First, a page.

For the last few months I’ve been slowly building out my home automation system, based on Home Assistant. I have a couple of basic requirements for anything I add to it: It shouldn’t break the bank, and I don’t want any cloud features. For one thing, I don’t want my devices to suddenly stop working because of service disruptions, bankruptcy or outright planned obsolescence, but more importantly: I want to control my personal data.
I have a couple of other guiding principles as well: devices and systems based on open source is preferred, and whenever that is impractical, the stuff I buy should at least be based on industry standards. No walled gardens, please!
For instance I ended up with IKEA Trådfri for my lights, partly because of this short review by Matthew Garrett. I’ve successfully mixed and matched light bulbs from IKEA and Philips. I’ve also invested in a USB stick for Z-Wave integration.
So when I started looking for ways to add some cameras to the system, I quickly realized that «reasonably priced» and «no cloud» don’t mix. There are some awesome networked cameras out there, especially the Xiaomi Xiaofang/Wyzecam devices have impressive specs and are surprisingly affordable. Too bad that they also come with those pesky clouds (though there are ways to turn that stuff off). I could have gone with more traditional surveillance cameras from companies like Axis or Planet, but they are much pricier, and would generally require a wired connection.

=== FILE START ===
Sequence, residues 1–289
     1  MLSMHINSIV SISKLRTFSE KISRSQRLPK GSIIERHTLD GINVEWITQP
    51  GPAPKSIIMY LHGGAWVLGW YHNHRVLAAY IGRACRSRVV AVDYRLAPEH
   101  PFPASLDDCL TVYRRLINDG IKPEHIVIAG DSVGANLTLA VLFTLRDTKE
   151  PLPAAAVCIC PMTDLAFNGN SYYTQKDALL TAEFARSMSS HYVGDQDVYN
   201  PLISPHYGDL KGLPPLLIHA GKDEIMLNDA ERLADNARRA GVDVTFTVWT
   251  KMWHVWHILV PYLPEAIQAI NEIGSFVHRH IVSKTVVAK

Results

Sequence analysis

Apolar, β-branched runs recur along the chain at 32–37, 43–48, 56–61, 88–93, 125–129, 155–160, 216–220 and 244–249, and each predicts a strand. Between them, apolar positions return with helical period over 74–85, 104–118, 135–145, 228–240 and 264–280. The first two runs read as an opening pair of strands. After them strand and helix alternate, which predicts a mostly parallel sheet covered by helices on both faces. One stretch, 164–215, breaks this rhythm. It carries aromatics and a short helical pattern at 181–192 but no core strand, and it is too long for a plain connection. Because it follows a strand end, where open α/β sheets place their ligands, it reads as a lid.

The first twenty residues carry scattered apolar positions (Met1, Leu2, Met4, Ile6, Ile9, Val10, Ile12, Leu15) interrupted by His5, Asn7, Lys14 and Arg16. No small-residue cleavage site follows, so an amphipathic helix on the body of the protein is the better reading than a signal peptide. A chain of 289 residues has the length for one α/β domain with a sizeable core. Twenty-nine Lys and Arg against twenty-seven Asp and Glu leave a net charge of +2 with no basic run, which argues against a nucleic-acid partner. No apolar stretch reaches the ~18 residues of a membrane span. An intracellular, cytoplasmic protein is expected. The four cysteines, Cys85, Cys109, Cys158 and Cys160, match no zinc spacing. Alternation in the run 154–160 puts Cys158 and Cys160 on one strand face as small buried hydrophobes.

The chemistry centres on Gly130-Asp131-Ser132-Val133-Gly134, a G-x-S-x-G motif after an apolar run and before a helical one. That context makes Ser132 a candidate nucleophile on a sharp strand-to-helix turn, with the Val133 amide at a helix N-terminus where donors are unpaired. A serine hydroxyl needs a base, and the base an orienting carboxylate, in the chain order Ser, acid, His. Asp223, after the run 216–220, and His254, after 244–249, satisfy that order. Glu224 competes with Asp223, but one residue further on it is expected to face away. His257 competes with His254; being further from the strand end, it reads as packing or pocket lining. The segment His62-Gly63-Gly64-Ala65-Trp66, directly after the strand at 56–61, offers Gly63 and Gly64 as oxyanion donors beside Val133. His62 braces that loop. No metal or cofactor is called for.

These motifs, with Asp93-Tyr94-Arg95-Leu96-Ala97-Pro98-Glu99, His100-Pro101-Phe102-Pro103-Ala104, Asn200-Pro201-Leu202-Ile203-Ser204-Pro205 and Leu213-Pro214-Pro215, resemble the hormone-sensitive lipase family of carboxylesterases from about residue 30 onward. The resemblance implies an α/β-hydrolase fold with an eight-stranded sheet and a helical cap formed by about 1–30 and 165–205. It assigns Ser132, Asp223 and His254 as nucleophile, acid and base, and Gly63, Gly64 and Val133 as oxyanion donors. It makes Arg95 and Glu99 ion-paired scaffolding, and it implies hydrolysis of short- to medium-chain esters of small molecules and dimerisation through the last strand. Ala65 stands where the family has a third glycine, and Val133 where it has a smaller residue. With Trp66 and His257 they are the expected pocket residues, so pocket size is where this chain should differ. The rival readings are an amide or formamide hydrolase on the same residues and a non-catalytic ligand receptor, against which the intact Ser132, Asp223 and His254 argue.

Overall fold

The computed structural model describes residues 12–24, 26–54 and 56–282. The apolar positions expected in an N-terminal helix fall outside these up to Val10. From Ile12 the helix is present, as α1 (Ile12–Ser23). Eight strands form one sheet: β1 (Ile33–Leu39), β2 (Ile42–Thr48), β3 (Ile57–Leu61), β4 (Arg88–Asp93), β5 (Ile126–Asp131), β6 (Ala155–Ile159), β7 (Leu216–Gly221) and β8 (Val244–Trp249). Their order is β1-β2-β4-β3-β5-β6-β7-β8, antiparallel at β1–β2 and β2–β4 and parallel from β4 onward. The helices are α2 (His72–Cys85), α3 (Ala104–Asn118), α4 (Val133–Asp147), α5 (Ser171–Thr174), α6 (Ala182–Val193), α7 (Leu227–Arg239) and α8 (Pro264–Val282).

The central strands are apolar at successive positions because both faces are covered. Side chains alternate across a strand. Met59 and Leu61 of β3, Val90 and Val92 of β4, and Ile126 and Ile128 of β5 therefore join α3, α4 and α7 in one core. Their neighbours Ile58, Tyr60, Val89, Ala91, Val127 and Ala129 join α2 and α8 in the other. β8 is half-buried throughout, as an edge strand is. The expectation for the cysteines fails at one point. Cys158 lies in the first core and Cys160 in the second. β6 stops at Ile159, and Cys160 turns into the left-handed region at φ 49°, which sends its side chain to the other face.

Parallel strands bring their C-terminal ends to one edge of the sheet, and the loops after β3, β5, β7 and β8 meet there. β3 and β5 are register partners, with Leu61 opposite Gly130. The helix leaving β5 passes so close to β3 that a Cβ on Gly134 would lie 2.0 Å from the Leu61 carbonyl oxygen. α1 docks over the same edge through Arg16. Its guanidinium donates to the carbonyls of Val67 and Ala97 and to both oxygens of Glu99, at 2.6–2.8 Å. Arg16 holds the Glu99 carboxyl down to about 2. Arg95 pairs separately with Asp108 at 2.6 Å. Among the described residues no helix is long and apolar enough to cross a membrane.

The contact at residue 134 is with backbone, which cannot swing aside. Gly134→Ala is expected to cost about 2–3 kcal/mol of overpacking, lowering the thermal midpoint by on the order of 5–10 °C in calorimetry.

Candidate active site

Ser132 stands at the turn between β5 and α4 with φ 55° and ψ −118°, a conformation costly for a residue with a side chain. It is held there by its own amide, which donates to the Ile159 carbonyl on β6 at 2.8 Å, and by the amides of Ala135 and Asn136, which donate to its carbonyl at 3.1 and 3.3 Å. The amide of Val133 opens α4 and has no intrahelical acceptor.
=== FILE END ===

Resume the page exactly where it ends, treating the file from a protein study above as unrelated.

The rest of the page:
So I gave up looking for my dream camera, partly because I finally had an excuse to start messing around with Raspberry Pi and its Camera Module V2!Fortsett å lese Using a Raspberry Pi as a surveillance camera in Home Assistant